“I feel like I’m very different than other tennis players,” Tiafoe told Sports Illustrated. “I feel like I show emotion when I lose a point. I get real pumped up. I get really excited. I’ve got my own swagger out there. And I feel like it’s good people see something different and that everyone can be their own person and still bring quality tennis.”
Tiafoe told The Post, “It’s not like everything was given to me. I had to really work hard for it and earn it. I’m very thankful for what I have. I don’t want to let anyone down. … I’ve been on a tennis court all my life. The only thing that’s been there longer is the net post.”
3. Tiafoe’s Twin Brother, Also Plays Tennis & Was a Star at DeMatha High School in Maryland
Frances Tiafoe’s twin brother, Franklin Tiafoe, also plays tennis. He was a standout at DeMatha High School in Maryland and then played one year of college tennis at Salisbury University.
Frances told The Washington Post about his brother, “We’re really good friends. He’s really supportive of me, and I give him advice when I can on his tennis. He pushes me, and I push him. . . . He keeps me grounded, he keeps me humble and he keeps me focused.”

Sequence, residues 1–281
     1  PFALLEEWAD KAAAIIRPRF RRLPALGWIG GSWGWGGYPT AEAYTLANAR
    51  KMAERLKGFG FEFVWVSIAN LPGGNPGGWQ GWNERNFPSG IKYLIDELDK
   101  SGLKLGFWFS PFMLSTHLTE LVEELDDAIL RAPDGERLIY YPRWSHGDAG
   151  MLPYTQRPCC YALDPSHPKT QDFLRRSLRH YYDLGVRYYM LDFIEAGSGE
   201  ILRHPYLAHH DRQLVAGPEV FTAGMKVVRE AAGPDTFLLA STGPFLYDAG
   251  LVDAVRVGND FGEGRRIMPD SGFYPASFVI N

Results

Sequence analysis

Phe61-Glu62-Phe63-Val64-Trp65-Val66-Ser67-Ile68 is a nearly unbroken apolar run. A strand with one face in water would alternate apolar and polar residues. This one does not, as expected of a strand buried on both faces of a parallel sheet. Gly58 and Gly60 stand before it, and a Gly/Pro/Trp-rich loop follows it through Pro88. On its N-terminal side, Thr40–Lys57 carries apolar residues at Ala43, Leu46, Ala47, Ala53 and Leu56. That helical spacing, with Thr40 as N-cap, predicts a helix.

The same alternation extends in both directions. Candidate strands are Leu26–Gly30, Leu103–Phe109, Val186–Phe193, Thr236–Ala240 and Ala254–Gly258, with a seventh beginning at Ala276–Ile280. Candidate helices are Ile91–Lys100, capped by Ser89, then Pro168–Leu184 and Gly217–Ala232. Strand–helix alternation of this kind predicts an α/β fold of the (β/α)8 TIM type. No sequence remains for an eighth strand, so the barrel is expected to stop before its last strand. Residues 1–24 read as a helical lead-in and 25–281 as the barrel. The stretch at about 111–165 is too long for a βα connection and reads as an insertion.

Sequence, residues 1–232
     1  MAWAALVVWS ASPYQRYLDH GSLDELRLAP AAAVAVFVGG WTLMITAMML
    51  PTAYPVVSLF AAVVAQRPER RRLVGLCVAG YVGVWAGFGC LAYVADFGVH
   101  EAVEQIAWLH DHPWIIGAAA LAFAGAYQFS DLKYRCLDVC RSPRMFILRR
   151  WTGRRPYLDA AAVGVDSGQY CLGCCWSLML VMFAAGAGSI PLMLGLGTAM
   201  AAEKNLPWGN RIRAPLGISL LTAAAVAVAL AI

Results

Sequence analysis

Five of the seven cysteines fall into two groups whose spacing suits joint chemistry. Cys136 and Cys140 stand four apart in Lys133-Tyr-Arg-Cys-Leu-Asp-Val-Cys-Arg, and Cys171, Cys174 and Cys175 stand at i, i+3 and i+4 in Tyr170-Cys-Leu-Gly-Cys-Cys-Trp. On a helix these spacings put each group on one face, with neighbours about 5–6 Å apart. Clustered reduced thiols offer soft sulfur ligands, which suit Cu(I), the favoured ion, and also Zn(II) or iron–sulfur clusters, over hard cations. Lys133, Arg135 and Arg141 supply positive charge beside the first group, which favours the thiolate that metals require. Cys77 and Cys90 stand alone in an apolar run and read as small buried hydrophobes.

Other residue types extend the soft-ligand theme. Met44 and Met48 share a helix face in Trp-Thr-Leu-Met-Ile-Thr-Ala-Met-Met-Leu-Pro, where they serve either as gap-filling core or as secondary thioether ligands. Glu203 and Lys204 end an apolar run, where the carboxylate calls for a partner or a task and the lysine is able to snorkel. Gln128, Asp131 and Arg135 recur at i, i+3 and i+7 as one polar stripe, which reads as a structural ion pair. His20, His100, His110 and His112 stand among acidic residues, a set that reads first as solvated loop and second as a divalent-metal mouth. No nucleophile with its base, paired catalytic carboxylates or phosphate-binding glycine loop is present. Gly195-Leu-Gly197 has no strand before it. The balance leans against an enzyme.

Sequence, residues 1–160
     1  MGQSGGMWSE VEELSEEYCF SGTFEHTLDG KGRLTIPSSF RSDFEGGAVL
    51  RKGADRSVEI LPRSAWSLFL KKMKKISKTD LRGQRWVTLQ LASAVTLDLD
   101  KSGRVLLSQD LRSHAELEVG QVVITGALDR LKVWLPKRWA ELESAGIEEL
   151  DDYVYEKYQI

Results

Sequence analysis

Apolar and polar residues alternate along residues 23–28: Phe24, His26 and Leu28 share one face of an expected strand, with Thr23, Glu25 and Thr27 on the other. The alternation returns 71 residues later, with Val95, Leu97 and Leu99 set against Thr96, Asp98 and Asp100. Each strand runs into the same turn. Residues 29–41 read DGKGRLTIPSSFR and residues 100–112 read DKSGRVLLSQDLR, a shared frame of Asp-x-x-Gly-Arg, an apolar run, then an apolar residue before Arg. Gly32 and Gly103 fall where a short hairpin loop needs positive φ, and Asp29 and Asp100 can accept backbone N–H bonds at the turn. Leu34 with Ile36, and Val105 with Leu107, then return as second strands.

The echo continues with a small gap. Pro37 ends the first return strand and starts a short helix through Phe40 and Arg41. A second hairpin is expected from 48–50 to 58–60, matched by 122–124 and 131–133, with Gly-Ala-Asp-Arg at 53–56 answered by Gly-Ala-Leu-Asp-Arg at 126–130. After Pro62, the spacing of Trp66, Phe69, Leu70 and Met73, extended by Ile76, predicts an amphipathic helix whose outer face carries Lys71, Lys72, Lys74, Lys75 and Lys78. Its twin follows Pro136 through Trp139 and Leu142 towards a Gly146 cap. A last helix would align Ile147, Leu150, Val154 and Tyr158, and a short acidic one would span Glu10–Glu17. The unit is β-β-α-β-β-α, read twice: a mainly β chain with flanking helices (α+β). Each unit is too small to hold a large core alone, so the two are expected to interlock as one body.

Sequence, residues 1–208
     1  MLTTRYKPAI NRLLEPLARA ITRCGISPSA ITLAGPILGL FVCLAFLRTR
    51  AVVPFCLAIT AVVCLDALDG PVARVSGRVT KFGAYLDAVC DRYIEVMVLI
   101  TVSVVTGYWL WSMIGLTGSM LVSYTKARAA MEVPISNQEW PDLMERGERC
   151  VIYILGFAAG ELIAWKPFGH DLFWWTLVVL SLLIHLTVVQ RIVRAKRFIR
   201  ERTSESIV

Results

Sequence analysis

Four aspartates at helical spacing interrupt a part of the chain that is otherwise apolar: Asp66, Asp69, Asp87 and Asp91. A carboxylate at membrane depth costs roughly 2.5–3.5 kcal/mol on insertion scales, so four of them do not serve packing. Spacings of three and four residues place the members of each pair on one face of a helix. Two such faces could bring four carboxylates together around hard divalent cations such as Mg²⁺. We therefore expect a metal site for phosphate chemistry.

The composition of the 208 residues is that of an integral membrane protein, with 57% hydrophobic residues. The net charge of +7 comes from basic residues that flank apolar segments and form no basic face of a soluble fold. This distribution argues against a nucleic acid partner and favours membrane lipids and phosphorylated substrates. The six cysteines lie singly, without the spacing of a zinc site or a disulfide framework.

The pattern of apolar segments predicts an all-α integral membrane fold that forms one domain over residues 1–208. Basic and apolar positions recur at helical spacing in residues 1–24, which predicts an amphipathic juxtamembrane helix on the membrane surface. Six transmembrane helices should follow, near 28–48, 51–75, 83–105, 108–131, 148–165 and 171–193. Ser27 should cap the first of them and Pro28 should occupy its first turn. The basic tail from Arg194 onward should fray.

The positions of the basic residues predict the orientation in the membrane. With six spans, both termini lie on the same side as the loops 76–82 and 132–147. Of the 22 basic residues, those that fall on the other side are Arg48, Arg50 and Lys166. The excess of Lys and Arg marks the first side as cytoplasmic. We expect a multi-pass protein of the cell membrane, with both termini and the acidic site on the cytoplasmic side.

4. He Has Expressed Gratitude for His Family’s Sacrifices & Has Embraced His Role as an Inspiration to Young Black Tennis Players
Tiafoe often posts about the importance of his family on social media, especially about how much they have given him along his road to the professional tennis circuit.
He told the BBC that learning about his parents native country of Sierra Leone changed his view on things. “It humbled me and made me serious. It came into my head pretty quick to use tennis as a way to help, not only myself, but our family because they have sacrificed so much,” he said.
Tiafoe, who went back to train at the junior tennis center in 2018 after a string of losses, added, “You can’t forget your roots. It was just about remembering why I started tennis in the first place and being among people who will love you no matter what, whether you are on top on the bottom.”